Not a bit of any of that passed through my head then; it was all running, and then sprinting, and whole bunch of ohgodohgodohgodohgodohgod, so I had no idea what was going on back there.  Here’s how full of adrenalin I was:  I wasn’t fleeing quite in the direction of the cattle guard/gate, but more straight at the barbed wire fencing next to it, and yet there was no room in the reptile brain for course correction, so I could do nothing but sprint straight at it, climb it in like two seconds and leap as far off the other side and into safety as I could, without a single scratch.  If I tried that now as a quasi-athletic adult, I’m fairly sure I would accidentally decapitate myself three or four times.

That’s pretty much it.  I did keep running, all the way into my friend’s house, where his mother was soon quite perplexed upon finding me out of breath in her kitchen after having slammed her back door.  Again thinking quickly, if you can call it that, I only said that I couldn’t find my friends.  She didn’t press the issue any, only chided me gently for slamming the door.  She was nice.  Even now, more than one decade later, she still has no idea about any of this.  And to this day, barbed wire fences still look so fragile.

The moral of this story is obviously that being chased by a bull makes one awesome at parkour as well as temporarily capable of great social chicanery.

Or maybe it’s that when the normal conscious mind is bypassed and instinct takes over, we become hyper-competent superheroes in the vein of Batman, except it only happens in moments of pure terror, you can’t control it, and it only makes you run away, in which case the moral is that life is a cruel and excoriating mockery of our very dreams.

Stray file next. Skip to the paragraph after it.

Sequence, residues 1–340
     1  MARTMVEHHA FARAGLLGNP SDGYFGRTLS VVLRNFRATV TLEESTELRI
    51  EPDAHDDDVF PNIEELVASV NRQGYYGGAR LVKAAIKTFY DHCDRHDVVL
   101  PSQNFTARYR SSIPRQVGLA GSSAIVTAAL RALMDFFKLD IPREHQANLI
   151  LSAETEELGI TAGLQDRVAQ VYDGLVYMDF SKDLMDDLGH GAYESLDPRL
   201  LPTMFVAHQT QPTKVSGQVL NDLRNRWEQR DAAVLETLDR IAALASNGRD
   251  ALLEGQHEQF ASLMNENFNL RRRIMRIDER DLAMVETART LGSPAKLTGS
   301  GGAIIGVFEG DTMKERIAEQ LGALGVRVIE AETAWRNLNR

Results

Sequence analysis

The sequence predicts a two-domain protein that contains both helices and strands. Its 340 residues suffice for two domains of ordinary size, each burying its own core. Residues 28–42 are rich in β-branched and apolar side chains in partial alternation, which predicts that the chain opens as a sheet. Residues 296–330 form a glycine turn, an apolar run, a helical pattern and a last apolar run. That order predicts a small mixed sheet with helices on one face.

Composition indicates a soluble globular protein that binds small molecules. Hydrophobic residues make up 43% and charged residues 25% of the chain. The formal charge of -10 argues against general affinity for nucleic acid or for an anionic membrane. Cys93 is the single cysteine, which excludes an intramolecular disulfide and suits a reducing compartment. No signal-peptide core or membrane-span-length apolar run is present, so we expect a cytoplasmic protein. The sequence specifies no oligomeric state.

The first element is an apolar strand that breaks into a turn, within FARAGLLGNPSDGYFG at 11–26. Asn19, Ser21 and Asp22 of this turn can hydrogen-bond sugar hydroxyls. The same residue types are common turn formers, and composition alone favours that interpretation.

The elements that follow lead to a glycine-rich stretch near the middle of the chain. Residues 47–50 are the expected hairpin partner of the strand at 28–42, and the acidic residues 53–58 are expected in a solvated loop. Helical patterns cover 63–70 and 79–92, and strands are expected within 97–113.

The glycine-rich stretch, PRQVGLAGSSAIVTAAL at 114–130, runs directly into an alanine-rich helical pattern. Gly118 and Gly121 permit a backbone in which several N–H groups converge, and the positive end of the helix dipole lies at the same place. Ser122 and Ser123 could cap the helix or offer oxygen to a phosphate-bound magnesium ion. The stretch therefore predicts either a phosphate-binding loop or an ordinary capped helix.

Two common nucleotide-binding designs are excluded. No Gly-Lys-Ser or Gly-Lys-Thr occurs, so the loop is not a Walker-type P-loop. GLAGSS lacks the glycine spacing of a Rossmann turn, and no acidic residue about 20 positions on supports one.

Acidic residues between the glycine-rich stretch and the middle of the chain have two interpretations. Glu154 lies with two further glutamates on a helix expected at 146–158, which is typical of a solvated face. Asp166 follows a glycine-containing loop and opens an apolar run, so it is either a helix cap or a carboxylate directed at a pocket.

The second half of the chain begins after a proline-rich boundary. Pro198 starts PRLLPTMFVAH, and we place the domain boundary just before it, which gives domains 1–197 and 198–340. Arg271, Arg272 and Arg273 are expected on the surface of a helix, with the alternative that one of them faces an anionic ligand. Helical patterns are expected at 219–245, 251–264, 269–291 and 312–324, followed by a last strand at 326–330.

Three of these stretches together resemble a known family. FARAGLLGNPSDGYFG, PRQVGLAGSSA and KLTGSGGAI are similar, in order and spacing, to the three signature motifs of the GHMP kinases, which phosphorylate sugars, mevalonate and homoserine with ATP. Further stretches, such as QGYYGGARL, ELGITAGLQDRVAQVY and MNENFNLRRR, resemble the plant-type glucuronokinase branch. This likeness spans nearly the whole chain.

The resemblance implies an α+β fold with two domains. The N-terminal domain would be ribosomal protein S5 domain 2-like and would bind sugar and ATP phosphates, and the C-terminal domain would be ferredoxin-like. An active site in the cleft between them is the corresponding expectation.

Yet contravening this is the fact that awesome stuff like literature and music and yoga exist, leaving only the possibility that the moral is that when your parents or their temporary proxies tell you not to play in the bull’s pasture, maybe you shouldn’t assume they just want to ruin your pastoral frolics.  Usually, there’s some good intent mixed with the resentment for how you ruined their lives.

And for that we should all be berry, beary grateful.

Book Report I: Indiscriminate, Empty Sex in the Time of Cholera

Spoilers abound y’all, both for Love in the Time of Cholera and Romeo and Juliet…although the latter is a four hundred year old play written by the most famous author of all time and whose main characters are synonymous for love itself.  Despite that, I did try to hold back on the endings for both.  Impossible to do entirely, of course, and do my argument justice, but I tried.

Love in the Time of Cholera is a very, very misunderstood novel.  Now despite the prominence of the ‘misanthropy’ tag in the word cloud to the right, I don’t want to condescend to anyone whose interpretations differ from mine; far from it.  People misunderstand Romeo and Juliet too, thinking it an epic and moving love story despite it’s being ridden with pathological obsession, willful ignorance, youthful recklessness and a love affair whose bloodiness is rendered even more remarkable by its incredibly short duration.  This misunderstanding of both stories is primarily a problem of convention in storytelling in that love stories are maybe THE basic story in the entire history of fiction, and thus readers have been somewhat trained, myself included, to not question its legitimacy.  Real life might play a role in this too, though.  Love is a very confusing thing, and its full scope defies easy definition.  People confuse infatuation, obsession, lust and a million other things with it every day, all day.  Thus, you get two characters, they declare that they love one another, and why shouldn’t we believe them?